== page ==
Sometimes, in order to make accurate predictions and judgments about the future, we need to look back at the past. This is not only true for a business operating within any given industry, but also for ourselves. Our personal forecasts, just like in business, are often responsible for the actions we execute and the choices we make.
A significant technological leap forward in the movie industry first occurred in 1927. It was a development met with fear and dread by many in the industry at the time. They feared things would change for the worse, and never be the same again. It was a technology that dampened demand for the many stars, directors and technicians who found demand for their services greatly diminished. Or worse still, no longer necessary. They hoped it would be a passing trend. It wasn’t. Sound had arrived, and movies were to be shrouded in silence no more. Many believed this marked the beginning of the end. It didn’t.
The next technological leap occurred in the early 1950′s, which again shook the industry. As with sound, they feared and isolated it. They yet again turned their heads hoping it would pass. It didn’t. Television had arrived and was here to stay. This, of course, diminished audiences in the cinema for obvious reasons. But the industry survived.
Today the movie industry is in the grip of another great technological leap forward. The internet has brought instantaneous entertainment to the fingertips of an ever demanding and growing global audience. Home video distributors are running scared and rightly so. The film distribution business has virtually been eliminated, and will probably never return. The internet has enabled independent film makers to distribute their products direct to their audiences. Because of many pirated copies of movies floating around in cyberspace, movie makers are also up in arms and running for the hills. But they shouldn’t worry… How do I know? Does anyone think James Cameron is worried about the internet? Do you think he’s miserable because he believes if Avatar didn’t exist on the internet he could’ve made an extra billion or two? He isn’t, he knows that the internet has boosted ticket sales at the cinema by helping to promote it. The truth is, after seeing it online, people realised they liked it enough to want to experience it on the big screen. They want to sit in a darkened room with a bunch of strangers, in front of a screen as big as a house, and sound just several decibels quieter than a commercial jet engine. The internet educates the audience, by giving people a taste of what’s to come on the big screen. The internet, in a way, has forced standards in film making to increase. Forcing producers and directors to produce content that will actually excite people enough to want to go to the cinema in the first place.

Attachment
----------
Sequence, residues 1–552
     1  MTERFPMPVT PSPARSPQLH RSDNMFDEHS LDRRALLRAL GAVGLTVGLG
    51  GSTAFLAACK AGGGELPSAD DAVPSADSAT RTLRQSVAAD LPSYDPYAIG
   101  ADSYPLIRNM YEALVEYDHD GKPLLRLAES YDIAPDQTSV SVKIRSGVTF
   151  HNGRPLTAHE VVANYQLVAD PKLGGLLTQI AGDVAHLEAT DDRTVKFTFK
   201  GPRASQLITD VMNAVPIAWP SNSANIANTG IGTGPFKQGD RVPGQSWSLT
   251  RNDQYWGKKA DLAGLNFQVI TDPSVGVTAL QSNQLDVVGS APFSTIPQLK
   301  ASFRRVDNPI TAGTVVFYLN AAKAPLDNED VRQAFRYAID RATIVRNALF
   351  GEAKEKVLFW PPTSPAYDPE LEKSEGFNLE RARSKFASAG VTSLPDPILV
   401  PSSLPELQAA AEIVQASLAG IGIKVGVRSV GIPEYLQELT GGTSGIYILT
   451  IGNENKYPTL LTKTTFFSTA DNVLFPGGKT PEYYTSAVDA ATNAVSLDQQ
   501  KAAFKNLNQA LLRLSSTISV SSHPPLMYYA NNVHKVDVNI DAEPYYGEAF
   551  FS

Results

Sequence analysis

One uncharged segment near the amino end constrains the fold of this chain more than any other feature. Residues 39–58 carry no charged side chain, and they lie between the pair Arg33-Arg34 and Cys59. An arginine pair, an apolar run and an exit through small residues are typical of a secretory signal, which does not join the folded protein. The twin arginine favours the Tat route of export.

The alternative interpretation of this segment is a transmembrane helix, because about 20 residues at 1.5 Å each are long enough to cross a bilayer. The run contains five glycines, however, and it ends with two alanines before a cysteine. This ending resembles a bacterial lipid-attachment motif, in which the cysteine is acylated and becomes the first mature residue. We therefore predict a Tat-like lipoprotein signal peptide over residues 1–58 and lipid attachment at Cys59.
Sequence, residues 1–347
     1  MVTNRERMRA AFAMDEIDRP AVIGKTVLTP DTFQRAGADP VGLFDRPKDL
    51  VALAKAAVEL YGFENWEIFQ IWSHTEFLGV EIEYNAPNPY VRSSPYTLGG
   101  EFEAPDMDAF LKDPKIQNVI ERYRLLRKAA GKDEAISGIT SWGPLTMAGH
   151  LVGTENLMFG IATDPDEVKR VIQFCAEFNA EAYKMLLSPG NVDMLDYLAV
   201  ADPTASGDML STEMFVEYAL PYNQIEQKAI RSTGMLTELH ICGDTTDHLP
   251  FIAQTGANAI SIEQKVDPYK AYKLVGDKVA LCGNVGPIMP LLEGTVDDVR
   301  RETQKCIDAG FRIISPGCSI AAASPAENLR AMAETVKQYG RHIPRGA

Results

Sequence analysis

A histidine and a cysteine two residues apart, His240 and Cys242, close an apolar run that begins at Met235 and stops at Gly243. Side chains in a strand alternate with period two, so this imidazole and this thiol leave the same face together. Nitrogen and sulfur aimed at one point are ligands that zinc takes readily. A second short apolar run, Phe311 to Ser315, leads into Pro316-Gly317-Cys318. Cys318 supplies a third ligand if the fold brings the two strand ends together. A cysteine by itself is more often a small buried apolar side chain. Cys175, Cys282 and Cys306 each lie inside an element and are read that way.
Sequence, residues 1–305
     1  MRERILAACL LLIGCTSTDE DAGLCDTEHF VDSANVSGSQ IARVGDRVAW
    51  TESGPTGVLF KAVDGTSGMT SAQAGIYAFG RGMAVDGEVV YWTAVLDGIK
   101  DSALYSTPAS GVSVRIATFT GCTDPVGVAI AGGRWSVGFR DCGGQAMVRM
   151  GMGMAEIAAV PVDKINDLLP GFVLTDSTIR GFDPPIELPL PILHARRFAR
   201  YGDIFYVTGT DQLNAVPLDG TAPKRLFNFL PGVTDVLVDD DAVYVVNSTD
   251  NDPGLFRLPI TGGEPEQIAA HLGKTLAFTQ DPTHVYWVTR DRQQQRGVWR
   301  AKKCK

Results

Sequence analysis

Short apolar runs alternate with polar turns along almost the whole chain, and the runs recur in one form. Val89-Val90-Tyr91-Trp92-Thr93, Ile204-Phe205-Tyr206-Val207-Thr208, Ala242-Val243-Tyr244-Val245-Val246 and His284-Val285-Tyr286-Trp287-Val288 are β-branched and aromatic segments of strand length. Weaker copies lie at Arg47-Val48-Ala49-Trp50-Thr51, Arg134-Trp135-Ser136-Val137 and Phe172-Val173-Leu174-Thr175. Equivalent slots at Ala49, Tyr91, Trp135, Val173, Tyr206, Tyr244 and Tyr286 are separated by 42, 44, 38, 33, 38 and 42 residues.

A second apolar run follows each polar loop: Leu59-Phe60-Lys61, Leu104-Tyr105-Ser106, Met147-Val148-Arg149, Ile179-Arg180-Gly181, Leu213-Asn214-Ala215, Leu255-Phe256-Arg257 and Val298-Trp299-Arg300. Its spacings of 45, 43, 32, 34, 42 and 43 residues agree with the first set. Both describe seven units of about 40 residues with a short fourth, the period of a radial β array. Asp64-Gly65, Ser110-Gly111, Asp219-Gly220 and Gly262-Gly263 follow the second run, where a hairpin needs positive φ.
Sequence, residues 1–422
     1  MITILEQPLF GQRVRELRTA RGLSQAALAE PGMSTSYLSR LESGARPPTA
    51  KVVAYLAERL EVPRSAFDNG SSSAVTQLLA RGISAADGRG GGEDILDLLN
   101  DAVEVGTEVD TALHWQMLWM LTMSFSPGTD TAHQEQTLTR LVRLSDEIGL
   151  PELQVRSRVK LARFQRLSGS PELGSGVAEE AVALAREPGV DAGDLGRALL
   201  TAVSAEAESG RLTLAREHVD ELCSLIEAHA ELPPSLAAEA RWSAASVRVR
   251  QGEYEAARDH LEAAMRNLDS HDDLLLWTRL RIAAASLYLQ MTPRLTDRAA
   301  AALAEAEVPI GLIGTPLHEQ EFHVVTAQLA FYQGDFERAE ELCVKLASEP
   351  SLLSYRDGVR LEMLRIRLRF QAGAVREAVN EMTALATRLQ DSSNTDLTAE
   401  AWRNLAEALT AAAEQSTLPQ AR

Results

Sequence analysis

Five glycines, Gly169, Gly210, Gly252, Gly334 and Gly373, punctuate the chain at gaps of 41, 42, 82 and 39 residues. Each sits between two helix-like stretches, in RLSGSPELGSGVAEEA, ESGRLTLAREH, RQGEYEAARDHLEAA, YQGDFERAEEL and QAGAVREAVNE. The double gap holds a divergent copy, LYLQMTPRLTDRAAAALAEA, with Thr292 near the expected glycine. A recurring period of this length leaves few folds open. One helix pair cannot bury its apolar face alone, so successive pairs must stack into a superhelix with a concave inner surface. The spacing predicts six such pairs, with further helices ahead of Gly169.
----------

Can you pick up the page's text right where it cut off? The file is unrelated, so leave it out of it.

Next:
Broadway theater didn’t disappear when the flickers arrived. People still demanded live theater as a shared experience. That should also drop a hint to the music industry. The money will be made from concerts over CD sales. When all is said and done, the motion picture industry will continue to survive for as long as people continue to want that shared experience.
Contact the Author: MikeStringer@ArtsandEntertainmentPlayground.com